This week in steps. Turns out 3500 is harder to come by than 3000. So much with the pacing.
Fri: (will update after I’ve paced at least another 1K…) : 3581
DH should be enjoying my stepping because I’ve been volunteering to do a lot of errands that I’m usually quite happy to let him do, usually involving picking up or dropping off the kids by foot (I even walked them to get haircuts last Sunday!).
I don’t think we skipped that sentence, but boy howdy did we have long conversations about inappropriate ethnic stereotypes with A Secret Garden. You’ve got to be taught, before it’s too late, before you are 6 or 7 or 8…
DNLee discusses Formation as a black academic.
History behind Formation.
Note in that last tweet, the woman has to be *better* qualified, not equally.
The only thing that surprised me in this article is that women don’t say closer to the same thing as the men.
It is not a coincidence.
Do you LOVE tea? How about being more like Gwyneth Paltrow?
I endorse this (warning: language describing an abomination)
somewhat similar to our upcoming Monday post
there are no stupid college majors
The article on college savings is pretty bad (as are MOST of the articles on college savings written by personal finance bloggers– they repeat the same misguided stuff– I suppose I could Monday money post a rant on the topic one of these days given how tired I am of leaving the same, “Well, actually…” comments everywhere), but this comment by a college registrar is SPOT ON.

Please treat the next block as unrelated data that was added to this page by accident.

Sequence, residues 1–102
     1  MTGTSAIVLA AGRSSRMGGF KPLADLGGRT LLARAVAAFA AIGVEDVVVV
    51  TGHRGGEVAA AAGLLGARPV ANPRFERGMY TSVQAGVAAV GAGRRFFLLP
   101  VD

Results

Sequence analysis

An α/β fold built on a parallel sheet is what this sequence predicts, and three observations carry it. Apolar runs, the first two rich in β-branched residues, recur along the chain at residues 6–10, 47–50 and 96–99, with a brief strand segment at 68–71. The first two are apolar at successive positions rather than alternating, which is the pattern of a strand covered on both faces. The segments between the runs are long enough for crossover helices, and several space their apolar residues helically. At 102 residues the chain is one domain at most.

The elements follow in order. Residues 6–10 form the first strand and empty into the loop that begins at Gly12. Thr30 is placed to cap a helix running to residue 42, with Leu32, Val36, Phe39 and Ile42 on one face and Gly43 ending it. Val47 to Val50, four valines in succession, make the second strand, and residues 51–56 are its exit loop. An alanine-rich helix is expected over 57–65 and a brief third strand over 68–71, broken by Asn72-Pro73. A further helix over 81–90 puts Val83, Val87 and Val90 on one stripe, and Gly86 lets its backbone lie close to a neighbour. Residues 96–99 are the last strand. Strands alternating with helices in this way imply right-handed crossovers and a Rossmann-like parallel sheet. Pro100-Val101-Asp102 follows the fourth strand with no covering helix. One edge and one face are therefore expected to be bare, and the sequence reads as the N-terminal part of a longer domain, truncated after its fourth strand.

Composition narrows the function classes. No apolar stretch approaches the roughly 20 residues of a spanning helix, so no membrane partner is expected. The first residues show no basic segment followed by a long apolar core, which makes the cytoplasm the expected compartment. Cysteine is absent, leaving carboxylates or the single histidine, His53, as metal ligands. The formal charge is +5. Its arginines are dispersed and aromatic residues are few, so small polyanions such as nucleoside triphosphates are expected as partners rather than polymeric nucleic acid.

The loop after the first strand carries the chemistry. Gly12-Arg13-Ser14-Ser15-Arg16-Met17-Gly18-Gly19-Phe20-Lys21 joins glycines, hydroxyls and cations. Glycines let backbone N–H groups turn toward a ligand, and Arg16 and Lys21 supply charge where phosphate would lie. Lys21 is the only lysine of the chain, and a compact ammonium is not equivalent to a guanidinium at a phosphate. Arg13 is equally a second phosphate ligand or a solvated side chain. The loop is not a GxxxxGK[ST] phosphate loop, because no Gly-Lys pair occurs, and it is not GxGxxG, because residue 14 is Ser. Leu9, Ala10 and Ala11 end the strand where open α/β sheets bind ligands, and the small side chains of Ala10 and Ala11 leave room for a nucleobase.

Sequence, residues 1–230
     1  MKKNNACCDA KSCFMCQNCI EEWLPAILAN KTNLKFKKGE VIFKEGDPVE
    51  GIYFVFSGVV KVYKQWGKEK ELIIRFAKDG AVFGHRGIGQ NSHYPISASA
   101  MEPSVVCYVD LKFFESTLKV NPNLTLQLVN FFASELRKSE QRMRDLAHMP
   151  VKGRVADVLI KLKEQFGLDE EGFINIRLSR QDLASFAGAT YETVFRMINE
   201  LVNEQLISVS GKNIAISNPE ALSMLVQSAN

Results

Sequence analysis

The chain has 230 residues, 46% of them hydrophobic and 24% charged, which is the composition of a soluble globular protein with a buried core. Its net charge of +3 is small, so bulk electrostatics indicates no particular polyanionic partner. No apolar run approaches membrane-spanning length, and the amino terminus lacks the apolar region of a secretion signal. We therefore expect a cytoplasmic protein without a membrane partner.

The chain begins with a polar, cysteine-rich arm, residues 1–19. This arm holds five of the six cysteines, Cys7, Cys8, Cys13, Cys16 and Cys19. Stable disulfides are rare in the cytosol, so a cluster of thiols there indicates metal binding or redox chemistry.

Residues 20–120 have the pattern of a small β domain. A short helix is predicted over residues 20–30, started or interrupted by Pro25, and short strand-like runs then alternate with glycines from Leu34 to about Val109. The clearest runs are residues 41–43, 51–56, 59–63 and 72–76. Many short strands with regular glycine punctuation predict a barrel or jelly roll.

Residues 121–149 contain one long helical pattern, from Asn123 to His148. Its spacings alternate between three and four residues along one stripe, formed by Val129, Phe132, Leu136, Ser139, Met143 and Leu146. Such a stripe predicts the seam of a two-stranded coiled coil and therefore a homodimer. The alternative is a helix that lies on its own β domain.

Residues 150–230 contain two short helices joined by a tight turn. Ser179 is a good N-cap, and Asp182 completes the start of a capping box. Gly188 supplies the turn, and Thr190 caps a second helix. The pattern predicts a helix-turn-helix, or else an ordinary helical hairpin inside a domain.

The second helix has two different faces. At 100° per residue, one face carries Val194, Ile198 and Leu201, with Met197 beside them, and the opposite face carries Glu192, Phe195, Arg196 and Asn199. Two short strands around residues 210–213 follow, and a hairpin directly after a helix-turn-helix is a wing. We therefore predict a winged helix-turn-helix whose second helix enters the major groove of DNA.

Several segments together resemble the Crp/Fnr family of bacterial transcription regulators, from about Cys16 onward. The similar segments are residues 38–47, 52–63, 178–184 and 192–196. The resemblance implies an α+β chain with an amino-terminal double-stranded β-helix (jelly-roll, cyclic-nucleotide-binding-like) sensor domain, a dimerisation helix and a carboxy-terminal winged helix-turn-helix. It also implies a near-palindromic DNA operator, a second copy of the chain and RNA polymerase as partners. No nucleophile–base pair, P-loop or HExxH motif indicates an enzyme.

burnout, creativity, and the tyranny of production schedules
I’d always assumed top people changed careers because they got bored, not because they wanted to prove or disprove their impostor syndrome. Really interesting idea.
How did I not notice this bonus BCN?
Did you know this about Hugh Laurie?
Really interesting twitter thread by Courtney Milan.
Books that feel like home and the false neutral.
I don’t know why this person says sorcerer to the crown takes after Jonathan Strange instead of say, anything by Mary Robinette Kowal or Caroline Stervermer or Patricia Wrede or any of the other modern “Jane Austen/Georgette Heyer with magic books” (a genre that we have loved since ForEver). It didn’t seem much like JS & MN at all, especially in the way that unlike EVERY OTHER modern “JA/GH with magic book,” JS&MN had pretty much no women (which, I assume, is why it given more credit than its superior literary sisters). Other than that, a great analysis of the book, especially in terms of the racial themes.
When chickens go wild.